Body Fat Sends Signals To the Brain Affecting Stress Response

We all know that the brain has significant effects on various body parts, but now researchers have found out that the brain is also receiving signals from various parts of the body, and this is now including body fat. The researchers from the University of Florida Health have found out that body fat is sending out signals to the brain, and these signals are affecting how the brain deals with stress and metabolism.

body fat

The nature of the signals being sent from the body fat is still a little mysterious, the researchers do know that the pathway from the body fat to the brain does exist, and this new breakthrough can help people break the vicious cycle known as stress-related eating. Stress is one of the biggest reasons why people pick up the spoon and fork and begin eating, often times this leads to overeating, and then that leads to people becoming obese. Too much extra fat can also impair the body’s ability to send the signals to the brain that shuts off the stress response. This study and the results are very unique, since it shows that it’s not only the brain that is sending out signals to the body parts. We used to think that the brain drove the body’s response to stress, but this study is showing that the body fat is partially responsible for sending out signals to the brain that affects how the brain responds to stress.

Dr. James Herman, a co-author of the study and a professor in psychiatry and behavioral neuroscience at the University of Cincinnati had quite a bit to say about the results. Herman said “It moved our understanding of stress control to include other parts of the body. Before this, everyone thought that the regulation of stress was mainly due to the brain. It’s not just in the brain. This study suggests that stress regulation occurs on a much larger scale, including body systems controlling metabolism, such as fat.”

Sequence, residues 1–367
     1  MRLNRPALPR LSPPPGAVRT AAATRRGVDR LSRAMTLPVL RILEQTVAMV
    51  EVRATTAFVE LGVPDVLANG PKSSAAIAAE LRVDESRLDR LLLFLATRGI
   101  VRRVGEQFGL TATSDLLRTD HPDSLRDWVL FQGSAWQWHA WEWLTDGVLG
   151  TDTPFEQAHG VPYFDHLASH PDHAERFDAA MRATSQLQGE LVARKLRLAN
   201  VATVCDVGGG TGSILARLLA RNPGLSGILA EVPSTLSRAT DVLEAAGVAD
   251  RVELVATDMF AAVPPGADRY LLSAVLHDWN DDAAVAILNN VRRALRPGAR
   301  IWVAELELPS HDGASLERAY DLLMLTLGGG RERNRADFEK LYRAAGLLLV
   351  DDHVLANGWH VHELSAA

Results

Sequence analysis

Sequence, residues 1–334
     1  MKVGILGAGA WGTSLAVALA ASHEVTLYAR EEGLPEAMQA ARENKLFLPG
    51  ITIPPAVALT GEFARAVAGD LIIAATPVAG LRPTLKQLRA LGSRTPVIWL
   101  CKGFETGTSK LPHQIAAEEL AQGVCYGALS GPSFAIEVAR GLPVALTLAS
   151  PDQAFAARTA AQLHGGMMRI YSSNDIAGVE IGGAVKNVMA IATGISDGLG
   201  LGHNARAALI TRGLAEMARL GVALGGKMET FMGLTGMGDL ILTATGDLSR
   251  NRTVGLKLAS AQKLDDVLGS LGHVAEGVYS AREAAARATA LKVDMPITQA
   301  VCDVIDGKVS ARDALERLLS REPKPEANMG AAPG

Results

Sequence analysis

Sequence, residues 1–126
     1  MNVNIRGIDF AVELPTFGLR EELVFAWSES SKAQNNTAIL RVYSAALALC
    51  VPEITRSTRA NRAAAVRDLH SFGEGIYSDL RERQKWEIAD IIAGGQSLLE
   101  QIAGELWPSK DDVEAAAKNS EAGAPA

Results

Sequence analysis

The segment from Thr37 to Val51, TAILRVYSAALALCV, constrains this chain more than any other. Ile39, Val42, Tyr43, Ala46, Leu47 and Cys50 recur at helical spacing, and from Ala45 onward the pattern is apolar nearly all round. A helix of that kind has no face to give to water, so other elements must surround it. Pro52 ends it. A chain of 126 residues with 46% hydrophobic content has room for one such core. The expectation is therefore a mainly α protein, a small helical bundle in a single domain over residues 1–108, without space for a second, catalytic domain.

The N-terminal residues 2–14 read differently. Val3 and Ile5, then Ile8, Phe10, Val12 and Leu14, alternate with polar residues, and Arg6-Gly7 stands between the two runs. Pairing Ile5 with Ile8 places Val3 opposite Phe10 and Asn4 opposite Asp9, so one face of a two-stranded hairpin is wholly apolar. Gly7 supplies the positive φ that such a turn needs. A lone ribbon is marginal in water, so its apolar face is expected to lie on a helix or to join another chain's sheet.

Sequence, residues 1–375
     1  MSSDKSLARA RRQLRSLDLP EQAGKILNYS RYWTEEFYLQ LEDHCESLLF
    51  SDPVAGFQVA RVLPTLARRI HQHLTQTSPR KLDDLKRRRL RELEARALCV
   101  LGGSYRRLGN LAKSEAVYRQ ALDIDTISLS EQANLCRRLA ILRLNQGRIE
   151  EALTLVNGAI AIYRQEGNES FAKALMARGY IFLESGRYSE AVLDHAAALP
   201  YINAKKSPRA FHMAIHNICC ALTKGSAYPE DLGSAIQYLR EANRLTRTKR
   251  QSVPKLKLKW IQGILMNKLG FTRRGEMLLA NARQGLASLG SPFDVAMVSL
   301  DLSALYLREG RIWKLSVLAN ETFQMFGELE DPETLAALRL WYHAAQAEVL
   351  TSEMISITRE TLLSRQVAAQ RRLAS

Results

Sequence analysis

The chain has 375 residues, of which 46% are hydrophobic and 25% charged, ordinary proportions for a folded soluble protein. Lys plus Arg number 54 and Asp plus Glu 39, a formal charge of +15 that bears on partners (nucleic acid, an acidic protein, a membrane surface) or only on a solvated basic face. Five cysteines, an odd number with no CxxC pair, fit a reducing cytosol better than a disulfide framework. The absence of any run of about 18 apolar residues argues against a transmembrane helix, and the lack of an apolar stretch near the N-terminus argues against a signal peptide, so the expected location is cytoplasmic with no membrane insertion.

The results of the study appeared in the June edition of Psychoneuroendocrinology, and it revealed the fat-to-brain feedback network in as much detail as the researchers were able to determine through the study. The researchers specifically found that a glucocorticoid receptor in the fat tissue can impact the way the brain controls stress and metabolism. The signals initially sent from these receptors can be a lifesaver, since it does direct the brain to regulate its energy balance, and it can also influence the stress response in a beneficial manner. In the short term, the stress response is adaptive, which means it can help you cope with the stress, but the fact the body fat is talking to the brain in order to dampen the stress is completely new and a significant revelation. The steroid hormone glucocorticoid activate receptors within the fat tissue that affects a main component of the metabolic stress response. The researchers were able to use mouse models to find the connection between the glucocorticoid signaling in the fat tissue and the brain’s regulation of energy balance and stress response. The glucocorticoid signaling is vital to helping regulate the hypothalamic-pituitary-adrenal axis, and the fatty tissue affects the central nervous system functions directly. The fat tissue is directly connected to the central nervous system functions link obesity, metabolic diseases and various stress-related problems. By understanding how the fat-to-brain signaling works, we can hopefully one day be able to influence the more complex relationship between metabolism, obesity, and the stress itself.